A hot potato: From the time before he took over Twitter, Elon Musk has said that he's a proponent of free speech. But that commitment is being called into question after several high-profile verified accounts were suspended, possibly permanently, seemingly for impersonating the world's richest person.

Musk yesterday tweeted one of the rules he's implementing as Twitter's new overlord: "any Twitter handles engaging in impersonation without clearly specifying 'parody' will be permanently suspended," he wrote.

Musk added that Twitter currently issues warnings before suspensions, but now that it is rolling out widespread verification, there will be no warning before it takes action.

The billionaire recently confirmed that the optional Twitter Blue service is increasing in price to $8 per month, as opposed to $20, and those who subscribe will be verified. This has brought questions about verified users impersonating well-known people. Musk said this is addressed by including a secondary tag below the name of someone who is a public figure, which is already the case for politicians. It was confirmed yesterday that the new verification system won't roll out until after the US midterm elections.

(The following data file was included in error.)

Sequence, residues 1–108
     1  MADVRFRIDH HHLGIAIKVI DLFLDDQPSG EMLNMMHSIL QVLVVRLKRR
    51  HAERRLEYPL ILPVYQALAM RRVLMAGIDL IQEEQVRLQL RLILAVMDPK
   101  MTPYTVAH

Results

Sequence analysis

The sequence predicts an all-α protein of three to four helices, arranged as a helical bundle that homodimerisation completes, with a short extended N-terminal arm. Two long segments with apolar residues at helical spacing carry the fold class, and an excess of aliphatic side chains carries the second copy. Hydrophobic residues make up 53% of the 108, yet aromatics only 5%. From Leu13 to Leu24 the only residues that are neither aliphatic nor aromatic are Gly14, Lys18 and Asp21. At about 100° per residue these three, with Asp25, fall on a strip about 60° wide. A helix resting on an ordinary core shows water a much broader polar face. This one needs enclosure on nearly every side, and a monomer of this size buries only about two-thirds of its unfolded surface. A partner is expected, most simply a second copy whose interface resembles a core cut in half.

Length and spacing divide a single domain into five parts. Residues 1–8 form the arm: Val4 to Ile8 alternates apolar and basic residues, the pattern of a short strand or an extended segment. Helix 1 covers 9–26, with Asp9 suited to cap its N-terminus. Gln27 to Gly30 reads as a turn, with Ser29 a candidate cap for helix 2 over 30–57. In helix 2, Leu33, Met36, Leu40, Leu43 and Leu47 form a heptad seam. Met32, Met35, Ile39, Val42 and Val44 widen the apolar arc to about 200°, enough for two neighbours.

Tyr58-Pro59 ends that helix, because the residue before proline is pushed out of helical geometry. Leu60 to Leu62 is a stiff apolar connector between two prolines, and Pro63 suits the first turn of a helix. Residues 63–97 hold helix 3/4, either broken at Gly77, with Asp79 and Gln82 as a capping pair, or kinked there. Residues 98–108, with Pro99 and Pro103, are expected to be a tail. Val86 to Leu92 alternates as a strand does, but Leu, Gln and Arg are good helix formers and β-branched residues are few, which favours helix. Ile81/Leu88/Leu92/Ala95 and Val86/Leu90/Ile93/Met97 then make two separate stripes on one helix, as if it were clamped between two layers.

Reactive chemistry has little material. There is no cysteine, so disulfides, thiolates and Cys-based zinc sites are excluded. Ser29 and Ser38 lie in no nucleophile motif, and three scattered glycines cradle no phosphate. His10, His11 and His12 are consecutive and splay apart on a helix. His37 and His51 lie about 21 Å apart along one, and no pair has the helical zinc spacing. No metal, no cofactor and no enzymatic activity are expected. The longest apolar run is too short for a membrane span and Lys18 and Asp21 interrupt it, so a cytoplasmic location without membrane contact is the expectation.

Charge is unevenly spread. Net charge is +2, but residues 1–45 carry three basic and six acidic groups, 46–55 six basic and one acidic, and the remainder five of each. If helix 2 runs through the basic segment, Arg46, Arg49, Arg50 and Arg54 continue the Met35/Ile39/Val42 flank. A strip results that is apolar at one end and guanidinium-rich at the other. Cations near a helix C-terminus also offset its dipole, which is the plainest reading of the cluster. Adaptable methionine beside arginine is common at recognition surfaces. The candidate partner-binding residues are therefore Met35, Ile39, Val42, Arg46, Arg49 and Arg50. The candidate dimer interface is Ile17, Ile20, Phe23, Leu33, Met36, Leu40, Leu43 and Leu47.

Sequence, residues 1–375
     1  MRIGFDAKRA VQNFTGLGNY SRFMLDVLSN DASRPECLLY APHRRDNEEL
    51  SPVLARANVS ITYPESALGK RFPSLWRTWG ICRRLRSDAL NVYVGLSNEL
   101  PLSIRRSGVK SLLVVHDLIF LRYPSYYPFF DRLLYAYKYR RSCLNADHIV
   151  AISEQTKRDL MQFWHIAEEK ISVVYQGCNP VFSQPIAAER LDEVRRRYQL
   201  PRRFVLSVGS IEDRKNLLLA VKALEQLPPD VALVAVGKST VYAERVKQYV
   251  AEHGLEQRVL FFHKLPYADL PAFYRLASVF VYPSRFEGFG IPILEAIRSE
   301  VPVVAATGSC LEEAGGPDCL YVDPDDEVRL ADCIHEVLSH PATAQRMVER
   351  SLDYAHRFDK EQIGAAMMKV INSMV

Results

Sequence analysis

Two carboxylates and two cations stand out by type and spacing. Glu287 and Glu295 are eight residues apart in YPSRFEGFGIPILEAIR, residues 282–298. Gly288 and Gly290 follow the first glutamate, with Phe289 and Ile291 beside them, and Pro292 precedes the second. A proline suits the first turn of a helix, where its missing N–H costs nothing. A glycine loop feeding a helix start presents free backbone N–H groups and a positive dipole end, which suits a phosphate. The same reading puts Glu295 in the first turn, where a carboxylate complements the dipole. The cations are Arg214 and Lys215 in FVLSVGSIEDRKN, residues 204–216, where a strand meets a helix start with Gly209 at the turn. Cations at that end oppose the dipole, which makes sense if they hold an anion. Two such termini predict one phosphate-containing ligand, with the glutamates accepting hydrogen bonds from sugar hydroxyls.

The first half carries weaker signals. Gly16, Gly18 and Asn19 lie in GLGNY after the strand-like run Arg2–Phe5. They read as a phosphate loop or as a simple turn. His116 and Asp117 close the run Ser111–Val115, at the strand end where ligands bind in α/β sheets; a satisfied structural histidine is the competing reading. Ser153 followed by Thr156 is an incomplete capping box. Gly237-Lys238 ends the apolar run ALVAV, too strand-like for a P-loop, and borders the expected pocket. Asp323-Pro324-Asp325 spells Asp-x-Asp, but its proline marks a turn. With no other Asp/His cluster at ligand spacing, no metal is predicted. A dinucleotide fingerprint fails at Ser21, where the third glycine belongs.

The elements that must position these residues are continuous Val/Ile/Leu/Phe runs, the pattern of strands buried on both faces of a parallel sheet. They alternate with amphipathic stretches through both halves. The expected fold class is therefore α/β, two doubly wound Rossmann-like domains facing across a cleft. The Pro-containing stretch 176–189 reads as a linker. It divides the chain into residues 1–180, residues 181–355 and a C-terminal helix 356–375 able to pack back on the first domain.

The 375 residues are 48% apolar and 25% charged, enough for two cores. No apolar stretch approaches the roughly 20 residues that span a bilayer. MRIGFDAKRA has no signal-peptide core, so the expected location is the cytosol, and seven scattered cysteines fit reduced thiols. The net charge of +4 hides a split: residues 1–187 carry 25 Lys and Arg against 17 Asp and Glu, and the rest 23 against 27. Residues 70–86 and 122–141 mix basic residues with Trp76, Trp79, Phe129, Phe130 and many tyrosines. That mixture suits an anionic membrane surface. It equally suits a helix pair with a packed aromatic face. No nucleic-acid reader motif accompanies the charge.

Some current verified users have been mocking Musk by impersonating him. Kathy Griffin changed her display name to Elon Musk and made a profile pic similar to the Twitter owner's. She then tweeted, "After much spirited discussion with the females in my life, I've decided that voting blue for their choice is only right (They're also sexy females, btw.)." The comedian was suspended on Sunday.

Actor Rich Sommer, known for his portrayal of Harry Crane on Mad Men, was also suspended for impersonating Musk, so was the Australian satire website The Chaser, even though it marked the account as a parody and chose the username 'Elon Musk Fondles Dogs.' Kotaku notes that Ethan Klein and Chipzel have also been suspended/restricted despite following the parody-label rules. Sarah Silverman's account was temporarily locked for her impersonation.

It's speculated that some, but definitely not all, of the suspensions are related to another rule Musk announced that sees the temporary loss of the verified checkmark after any name change.

Many are pointing to the irony of a Musk tweet from October 28 that read, "Comedy is now legal on Twitter." He's also said nobody should be given lifetime bans and promised to allow Donald Trump back onto the platform, even though the former president says he doesn't want to come back.

Part of Musk's restructuring of Twitter involves laying off around half its staff, or about 3,700 people. The company is now facing a lawsuit over claims that the action was illegal due to the insufficient notice. It's a situation Musk is familiar with: the same thing happened at Tesla a few months ago.